It is my knowledge of a. f. kiendl which allows me to evoke McLuhan without fear of overly academicizing kiendl’s objects. I enjoy a critical proximity. The artist’s reference to McLuhan in his book is important. kiendl is aware of his predecessors and does not pretend to be ‘bringing news.’ He does not see the role of the artist as illuminating some new truths for an unaware public’s consumption. He is creating work that examines a means to avoid the paralysis so possible in the information-filled life, that is ‘post-post-modernity.’ His work is an act of research. It is both defense and offense, when faced with potential moral dissolution brought about by humankind’s continued mechanization and commodificaton. It is the moral questions kiendl examines in St. Valentine’s Day.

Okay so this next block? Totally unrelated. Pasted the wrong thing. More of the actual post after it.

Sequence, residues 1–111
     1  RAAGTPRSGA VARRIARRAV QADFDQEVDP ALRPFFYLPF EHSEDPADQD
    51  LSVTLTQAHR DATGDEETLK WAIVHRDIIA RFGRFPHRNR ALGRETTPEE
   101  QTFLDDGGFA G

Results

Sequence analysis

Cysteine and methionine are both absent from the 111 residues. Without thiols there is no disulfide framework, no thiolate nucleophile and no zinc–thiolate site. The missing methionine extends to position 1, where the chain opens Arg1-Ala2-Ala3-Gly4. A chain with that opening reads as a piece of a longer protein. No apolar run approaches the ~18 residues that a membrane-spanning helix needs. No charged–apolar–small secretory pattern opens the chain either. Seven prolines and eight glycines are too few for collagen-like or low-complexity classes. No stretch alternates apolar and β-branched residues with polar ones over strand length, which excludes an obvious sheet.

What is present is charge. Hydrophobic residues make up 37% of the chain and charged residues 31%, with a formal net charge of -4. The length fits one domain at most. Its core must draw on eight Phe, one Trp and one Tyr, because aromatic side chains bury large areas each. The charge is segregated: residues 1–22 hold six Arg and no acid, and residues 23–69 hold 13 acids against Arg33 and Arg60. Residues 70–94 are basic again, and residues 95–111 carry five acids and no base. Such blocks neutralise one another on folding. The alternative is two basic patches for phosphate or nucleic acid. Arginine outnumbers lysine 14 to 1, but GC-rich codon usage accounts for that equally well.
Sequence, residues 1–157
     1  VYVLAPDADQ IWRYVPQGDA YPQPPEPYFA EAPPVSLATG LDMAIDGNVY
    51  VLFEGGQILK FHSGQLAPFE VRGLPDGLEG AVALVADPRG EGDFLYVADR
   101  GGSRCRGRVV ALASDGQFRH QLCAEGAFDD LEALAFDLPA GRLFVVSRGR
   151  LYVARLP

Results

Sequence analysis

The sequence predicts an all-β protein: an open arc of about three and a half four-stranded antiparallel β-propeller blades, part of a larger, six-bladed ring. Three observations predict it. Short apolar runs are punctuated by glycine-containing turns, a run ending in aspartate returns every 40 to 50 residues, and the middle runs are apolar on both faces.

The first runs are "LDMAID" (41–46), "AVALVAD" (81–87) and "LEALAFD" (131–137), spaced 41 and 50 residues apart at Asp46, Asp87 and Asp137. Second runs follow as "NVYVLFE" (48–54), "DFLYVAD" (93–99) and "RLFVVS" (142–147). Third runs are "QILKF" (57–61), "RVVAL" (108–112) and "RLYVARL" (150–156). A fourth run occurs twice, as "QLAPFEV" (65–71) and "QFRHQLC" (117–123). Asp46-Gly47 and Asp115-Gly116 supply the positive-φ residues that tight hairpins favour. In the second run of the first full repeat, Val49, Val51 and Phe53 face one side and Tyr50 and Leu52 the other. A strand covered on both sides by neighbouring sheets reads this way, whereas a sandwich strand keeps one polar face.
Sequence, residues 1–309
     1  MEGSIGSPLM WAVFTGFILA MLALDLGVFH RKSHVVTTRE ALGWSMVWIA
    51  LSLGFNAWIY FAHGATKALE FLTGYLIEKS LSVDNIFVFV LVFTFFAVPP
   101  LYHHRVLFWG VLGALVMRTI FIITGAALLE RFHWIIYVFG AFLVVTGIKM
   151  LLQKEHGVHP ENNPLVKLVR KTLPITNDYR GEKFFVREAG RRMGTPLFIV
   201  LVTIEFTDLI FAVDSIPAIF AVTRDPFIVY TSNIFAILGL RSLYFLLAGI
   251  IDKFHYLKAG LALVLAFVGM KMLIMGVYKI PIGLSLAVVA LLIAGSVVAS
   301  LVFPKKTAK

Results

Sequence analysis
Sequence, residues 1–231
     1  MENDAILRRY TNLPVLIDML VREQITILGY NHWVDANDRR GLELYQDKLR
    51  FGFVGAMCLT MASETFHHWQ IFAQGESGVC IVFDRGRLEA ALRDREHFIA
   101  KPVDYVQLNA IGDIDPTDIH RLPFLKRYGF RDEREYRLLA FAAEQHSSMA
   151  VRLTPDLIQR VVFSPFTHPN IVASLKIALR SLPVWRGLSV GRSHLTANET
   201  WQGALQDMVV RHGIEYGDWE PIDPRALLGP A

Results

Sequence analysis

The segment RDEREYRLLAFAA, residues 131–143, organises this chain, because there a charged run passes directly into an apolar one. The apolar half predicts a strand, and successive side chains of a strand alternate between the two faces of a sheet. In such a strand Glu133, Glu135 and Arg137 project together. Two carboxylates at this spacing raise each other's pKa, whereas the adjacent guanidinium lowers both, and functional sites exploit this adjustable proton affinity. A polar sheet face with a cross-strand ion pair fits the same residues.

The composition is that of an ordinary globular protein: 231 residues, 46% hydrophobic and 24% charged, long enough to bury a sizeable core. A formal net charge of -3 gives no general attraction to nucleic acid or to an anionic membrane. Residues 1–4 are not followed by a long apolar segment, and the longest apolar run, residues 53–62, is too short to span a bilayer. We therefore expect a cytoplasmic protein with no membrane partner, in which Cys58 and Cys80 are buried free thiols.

A micro t.v. monitor pulsates with the rhythm of a heart beat, its face etched with a newspaper quotation stating new possibilities for organ use. The medical tubing that fills the clear plastic air bag of art vacuum suggests the possible need for medical attention by fine art. Its oil painted chicken, labeled ‘object,’ and gilt frame begs the question: what or when does something become an object? When it is represented? His Stereotype:Auto-Portrait furthers this line of questioning and recognizes kiendl’s own construction as an artist and as an individual. It is part chemical makeup (photographs of his chromosomes provide the portrait with its eyes), part personal history (the oil painted nose is flattened to one side, something he was told about his appearance at birth) and part art historical (given the various mediums he uses to portray himself). His senses are separated in this presentation. It is our job to unify them as one. We see the ‘other’ as whole.